Banquet of February 24

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Cologne, February 27. The day before yesterday a banquet was given in the Eiser Hall to celebrate the anniversary of the French February revolution. The great hall, which holds between 2,000 and 3,000 people, was filled to capacity.

Karl Marx, elected President by acclamation, had to decline since he was otherwise engaged. At general request, Karl Schapper took the chair and opened the meeting with a toast to the memory of the victims fallen in February and June in Paris and in all other revolutionary struggles of 1848.

Schneider, the lawyer and Cologne deputy, then took leave of his electors. Deputy Gladbach soon afterwards also said a few words on the causes of success of the recent counter-revolution and invited the people of Cologne to rise for the protection of their representatives in the event of new acts of violence against the Chamber. (This in reply to the denunciation in today’s Kölnische Zeitung.[1])

The following toasts were also proposed: Dr. Rittinghausen to the democratic social republic. F. Engels, editor of the Neue Rheinische Zeitung: to the fighting Italians, above all the Rome republic. C. Cramer: to the memory of Robert Blum. Deputy Wähler of the Frankfurt National Assembly: to German democracy. Guffanti, merchant: to Ledru-Rollin and the French democrats. Exbombardier Funk: damnation to tyrants. Dr. Weyll: to the women present. Dr. Becker: to the democrats of all nations. Kurth, carpenter: to Kossuth and the Magyars. Schapper: to the political prisoners and refugees, in particular the Germans in Besançon.[2] Carstens,[3] worker: to the future social revolution. Ferd. Wolff, editor of the Neue Rheinische Zeitung: to the right to work. Hausmann, worker: to unity. C. Cramer: to Mieroslawski and the Polish fighters of 1848. Kamp, publican of Bonn: to the fraternity of all nations. Blum, student: to the Wuppertal democrats. Müller, worker: to Mellinet, Tedesco and the other 15 Risquons-Tout defendants in Antwerp.[4] Röser, worker: to the memory of Robespierre, SaintJust, Marat and the other heroes of 1793.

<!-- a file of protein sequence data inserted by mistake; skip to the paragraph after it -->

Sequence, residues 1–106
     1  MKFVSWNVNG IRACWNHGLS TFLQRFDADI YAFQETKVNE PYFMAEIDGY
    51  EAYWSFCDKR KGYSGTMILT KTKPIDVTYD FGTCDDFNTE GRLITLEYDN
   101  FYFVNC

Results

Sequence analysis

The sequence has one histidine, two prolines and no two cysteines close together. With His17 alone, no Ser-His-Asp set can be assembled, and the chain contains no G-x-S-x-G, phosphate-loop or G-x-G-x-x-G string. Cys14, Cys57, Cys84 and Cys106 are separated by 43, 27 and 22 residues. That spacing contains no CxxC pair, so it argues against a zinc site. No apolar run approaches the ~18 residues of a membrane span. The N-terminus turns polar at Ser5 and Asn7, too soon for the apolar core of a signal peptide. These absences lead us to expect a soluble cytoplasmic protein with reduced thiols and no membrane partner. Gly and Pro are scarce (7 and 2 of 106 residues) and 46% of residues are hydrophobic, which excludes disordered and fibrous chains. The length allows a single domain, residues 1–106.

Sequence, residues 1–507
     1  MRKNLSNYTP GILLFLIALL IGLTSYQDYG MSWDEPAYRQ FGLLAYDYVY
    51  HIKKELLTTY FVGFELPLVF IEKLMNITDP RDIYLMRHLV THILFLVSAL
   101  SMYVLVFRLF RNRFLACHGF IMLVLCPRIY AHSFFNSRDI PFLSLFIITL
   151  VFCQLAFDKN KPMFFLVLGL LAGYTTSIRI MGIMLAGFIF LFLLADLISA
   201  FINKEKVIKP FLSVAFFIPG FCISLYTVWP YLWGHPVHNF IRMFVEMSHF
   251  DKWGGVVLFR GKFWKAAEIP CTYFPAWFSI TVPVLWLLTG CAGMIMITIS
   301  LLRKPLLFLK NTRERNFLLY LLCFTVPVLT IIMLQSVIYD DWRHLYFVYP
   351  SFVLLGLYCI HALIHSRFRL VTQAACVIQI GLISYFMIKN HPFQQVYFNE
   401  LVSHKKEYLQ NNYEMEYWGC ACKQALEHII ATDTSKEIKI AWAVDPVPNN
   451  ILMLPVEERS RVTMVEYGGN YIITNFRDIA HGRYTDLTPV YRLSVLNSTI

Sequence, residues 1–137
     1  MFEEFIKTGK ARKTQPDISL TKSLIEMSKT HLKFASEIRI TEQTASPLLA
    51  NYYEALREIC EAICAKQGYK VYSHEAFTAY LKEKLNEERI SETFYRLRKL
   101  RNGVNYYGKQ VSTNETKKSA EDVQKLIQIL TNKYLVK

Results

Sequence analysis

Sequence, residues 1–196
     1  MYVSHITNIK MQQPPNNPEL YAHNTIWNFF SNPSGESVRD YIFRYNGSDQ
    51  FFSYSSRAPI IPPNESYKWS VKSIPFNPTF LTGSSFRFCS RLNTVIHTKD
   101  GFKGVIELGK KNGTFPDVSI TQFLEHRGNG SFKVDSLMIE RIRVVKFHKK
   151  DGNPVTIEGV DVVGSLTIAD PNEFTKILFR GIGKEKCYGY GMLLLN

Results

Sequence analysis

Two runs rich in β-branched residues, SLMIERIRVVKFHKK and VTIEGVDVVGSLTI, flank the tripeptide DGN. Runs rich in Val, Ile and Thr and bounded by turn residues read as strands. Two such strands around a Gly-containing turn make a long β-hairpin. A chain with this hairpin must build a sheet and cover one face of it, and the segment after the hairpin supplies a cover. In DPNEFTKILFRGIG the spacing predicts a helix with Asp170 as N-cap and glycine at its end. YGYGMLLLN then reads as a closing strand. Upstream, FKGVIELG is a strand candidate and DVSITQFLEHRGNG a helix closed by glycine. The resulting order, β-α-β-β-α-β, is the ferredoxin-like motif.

The celebration, which was from time to time enlivened by music, the singing of the Marseillaise, the song of the Girondistsa etc. and performances of the Workers’ Choral Society under the direction of Herr Herx, concluded with a cheer for the “general democratic social republic”.

A collection for the German refugees in Besançon was taken during the meeting and yielded a not inconsiderable sum.

During the whole evening troops were in the district and strong patrols passed through the streets; this was, however, occasioned rather by the repeated scuffles of the soldiers among tfiemselves than by the banquet.

  1. On February 27, 1849, the Kölnische Zeitung carried a report on the banquet of February 24. The item said in particular: “Deputy Gladbach especially distinguished himself among the orators by his thunderous speeches against the House of Hohenzollern, Count Brandenburg and others.”
  2. The reference is to the group of participants in the Baden uprising of April 1848 who emigrated to Besan�on (France); later, under the name of the Besan�on company and headed by Willich, they took part in the Baden-Palatinate uprising of 1849.
  3. Friedrich Lessner.— Ed.
  4. See Note 178.